Brazil's Gol plans to grow domestic capacity modestly in 2019, but says it retains flexibility to boost its fleet size in the event that industry consolidation leads to a capacity shortfall.
The Sao Paulo-based airline will grow domestic capacity by 2-4% in 2019, with international capacity expected to increase by 35-45%. System-wide capacity is expected to grow by 6-10%. Gol plans to take delivery of 17 737 Max aircraft in 2019, said chief executive Paulo Kakinoff on an earnings call on 28 February.
Gol's planned capacity growth for 2019 is higher than in 2018, where it grew system-wide capacity by 2.9%, split between domestic capacity growth of 2.3% and international capacity growth of 7.6%.
Faced with higher fuel prices and uncertainty following presidential elections in Brazil in October 2018, Gol improved upon its fourth-quarter financial results but ended 2018 in the red after heavier currency exchange losses.
The airline's fourth-quarter operating profit rose 74% to R672 million ($175 million), with revenue up 10.1% to R3.2 billion. Operating costs in the period were down 0.3% to R2.53 billion. The airline reported a net profit of R580 million, improving upon its net profit of R62.2 million in the fourth quarter of 2017.
For the full year of 2018, Gol posted an operating profit of R1.4 billion, up 41.5% from its 2017 operating profit of R989 million. Operating revenue was up 10.5% to R11.4 billion while operating costs increased 7.2% to R10 billion. Higher losses on currency exchange, however, helped push Gol to a net loss of R780 million in 2018, reversing from a net profit of R378 million in 2017.
Gol's passenger unit revenue improved by 7.7% year on year in the fourth quarter of 2018 to 23.87 centavos and grew 8% in 2018 to 22.13 centavos. Unit cost excluding fuel fell 19.4% to 11.2 centavos in the fourth quarter and declined 7.5% to 12.78 centavos in the full year. When adjusted to exclude one-time events such as gains from sale-and-leasebacks, the airline's unit cost increased 3.9% to 14.45 centavos in the fourth quarter and rose 2.4% to 14.14 centavos in the full year.
Gol chief financial officer Richard Lark attributes the airline's cost performance to an ongoing fleet renewal with the Boeing 737 Max. The airline operated six 737 Max 8s as of the end of 2018 from an in-service fleet of 121 aircraft.
Kakinoff says the airline is "fully prepared" to grow or reduce its capacity by 4% "in the very short term", when responding to analysts' questions on potential significant changes in the domestic landscape.
Avianca Brazil, the country's fourth-largest domestic carrier, filed for bankruptcy protection in December and questions have remained over its future in the Brazilian market. Azul, the third-largest domestic airline, has confirmed that it has agreed to a non-binding offer for Avianca Brazil's assets, including 30 A320 family aircraft, the airline's air operator's certificate and 70 pairs of airport slots.
The non-binding offer from Azul is subject to approvals from regulators, as well as Avianca Brazil's court-supervised restructuring process.
Kakinoff says the airline has flexibility to extend leases to increase the number of aircraft in its fleet if needed, but stresses that the airline will not jeopardise the cost restructuring programme it began a few years ago.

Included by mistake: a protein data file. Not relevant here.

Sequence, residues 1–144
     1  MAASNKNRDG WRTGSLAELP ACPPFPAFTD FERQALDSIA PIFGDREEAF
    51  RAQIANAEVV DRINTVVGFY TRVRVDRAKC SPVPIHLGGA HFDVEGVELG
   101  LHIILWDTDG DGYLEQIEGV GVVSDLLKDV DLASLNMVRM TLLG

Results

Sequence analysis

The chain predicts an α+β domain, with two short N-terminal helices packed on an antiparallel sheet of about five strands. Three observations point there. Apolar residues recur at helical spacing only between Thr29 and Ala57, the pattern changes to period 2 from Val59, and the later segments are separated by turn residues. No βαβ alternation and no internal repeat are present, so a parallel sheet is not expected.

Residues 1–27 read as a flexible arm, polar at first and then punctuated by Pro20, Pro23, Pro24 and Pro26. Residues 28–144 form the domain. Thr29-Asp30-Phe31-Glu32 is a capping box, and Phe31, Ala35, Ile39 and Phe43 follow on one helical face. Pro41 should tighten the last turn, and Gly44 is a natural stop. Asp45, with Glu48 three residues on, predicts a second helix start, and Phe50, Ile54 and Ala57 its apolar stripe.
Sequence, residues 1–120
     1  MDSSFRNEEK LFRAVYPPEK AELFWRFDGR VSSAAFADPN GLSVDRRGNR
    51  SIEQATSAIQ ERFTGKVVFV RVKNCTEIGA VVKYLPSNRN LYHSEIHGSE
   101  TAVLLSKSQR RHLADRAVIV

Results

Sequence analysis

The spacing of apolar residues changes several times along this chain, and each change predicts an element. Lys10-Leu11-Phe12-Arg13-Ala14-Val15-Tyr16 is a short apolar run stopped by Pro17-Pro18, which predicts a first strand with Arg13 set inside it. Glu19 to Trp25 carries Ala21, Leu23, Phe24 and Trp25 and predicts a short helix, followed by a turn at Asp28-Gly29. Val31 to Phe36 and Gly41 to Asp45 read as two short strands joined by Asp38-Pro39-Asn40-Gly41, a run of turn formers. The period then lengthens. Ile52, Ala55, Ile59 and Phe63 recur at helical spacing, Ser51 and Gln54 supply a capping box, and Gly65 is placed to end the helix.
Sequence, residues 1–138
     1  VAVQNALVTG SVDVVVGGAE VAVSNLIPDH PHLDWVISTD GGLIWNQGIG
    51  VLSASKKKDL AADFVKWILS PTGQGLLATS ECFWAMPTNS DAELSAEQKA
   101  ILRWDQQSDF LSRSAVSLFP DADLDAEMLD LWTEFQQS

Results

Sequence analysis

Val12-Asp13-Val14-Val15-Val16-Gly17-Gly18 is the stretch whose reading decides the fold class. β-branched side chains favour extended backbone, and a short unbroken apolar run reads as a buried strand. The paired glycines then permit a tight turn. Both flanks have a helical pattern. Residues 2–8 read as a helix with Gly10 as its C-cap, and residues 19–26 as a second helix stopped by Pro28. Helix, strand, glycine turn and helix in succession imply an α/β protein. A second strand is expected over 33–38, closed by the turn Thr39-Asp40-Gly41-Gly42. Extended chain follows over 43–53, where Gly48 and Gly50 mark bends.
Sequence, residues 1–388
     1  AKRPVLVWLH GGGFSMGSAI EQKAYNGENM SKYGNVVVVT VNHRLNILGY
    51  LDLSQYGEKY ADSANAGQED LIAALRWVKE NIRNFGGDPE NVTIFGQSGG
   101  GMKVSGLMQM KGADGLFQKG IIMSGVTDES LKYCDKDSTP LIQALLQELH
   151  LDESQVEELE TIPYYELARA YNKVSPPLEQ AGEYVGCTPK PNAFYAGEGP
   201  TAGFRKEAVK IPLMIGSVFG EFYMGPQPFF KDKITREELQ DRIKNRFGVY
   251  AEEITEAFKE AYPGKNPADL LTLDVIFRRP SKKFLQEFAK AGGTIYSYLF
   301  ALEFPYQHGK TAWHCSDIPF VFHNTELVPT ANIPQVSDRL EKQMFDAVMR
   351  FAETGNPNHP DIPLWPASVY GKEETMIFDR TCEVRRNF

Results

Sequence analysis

Gol has issued guidance for unit costs excluding fuel of 13 centavos for both 2019 and 2020.
The airline is seeing strong demand so far in the first quarter, with Lark saying Gol has observed about a 15% increase in sales in February. The Brazilian Carnival, which falls in March this year instead of February last year, has benefited demand in the country, he notes.
"That was a positive for extending the summer travel season here in Brazil an additional month," says Lark.
Gol has seen a general "uplift" since the fourth quarter of 2017, he notes, although demand stumbled from mid-2018, when a truck drivers' strike disrupted flights at several Brazilian airports and demand remained depressed until the elections.
"Pretty much since the elections were over… the certainty… was installed," says Lark.
Gol guidance is for an operating margin of 18% for 2018, up slightly from the previous forecast of 17%. It also revised upward its operating margin guidance for 2020 to 19% from 18%.
The strength in demand so far in the first quarter is mostly organic, says Kakinoff, when responding to questions about any potential shifting of market share since the troubles of Avianca Brazil began. "If you see their competitive deterioration it is so far quite marginal," he says. "We will continue to react rationally, even [if] facing a further disruption in the market."
As the airline begins 2019 with a healthy demand outlook, it is feeling optimistic about its US flights, which resumed in November 2018. Gol is offering services to both Miami and Orlando from Brasilia and Fortaleza, operating with the 737 Max. Kakinoff says the flights are being marketed as one-stop connections via Brasilia, and have been popular with travellers originating in Sao Paulo Congonhas airport, which is closer to downtown Sao Paulo than Guarulhos airport.
"Two-digits load factor" originates in Congonhas, Kakinoff tells analysts. "We have less than 1h connecting time in Brasilia, which makes this product pretty attractive to the travellers living in the neighbourhood of Congonhas airport, which [is] the highest portion of the local market," he adds.
Lark points out that the connecting time in Brasilia is shorter than the cab ride from downtown Sao Paulo to Guarulhos, which can take hours depending on traffic.
Source: Cirium Dashboard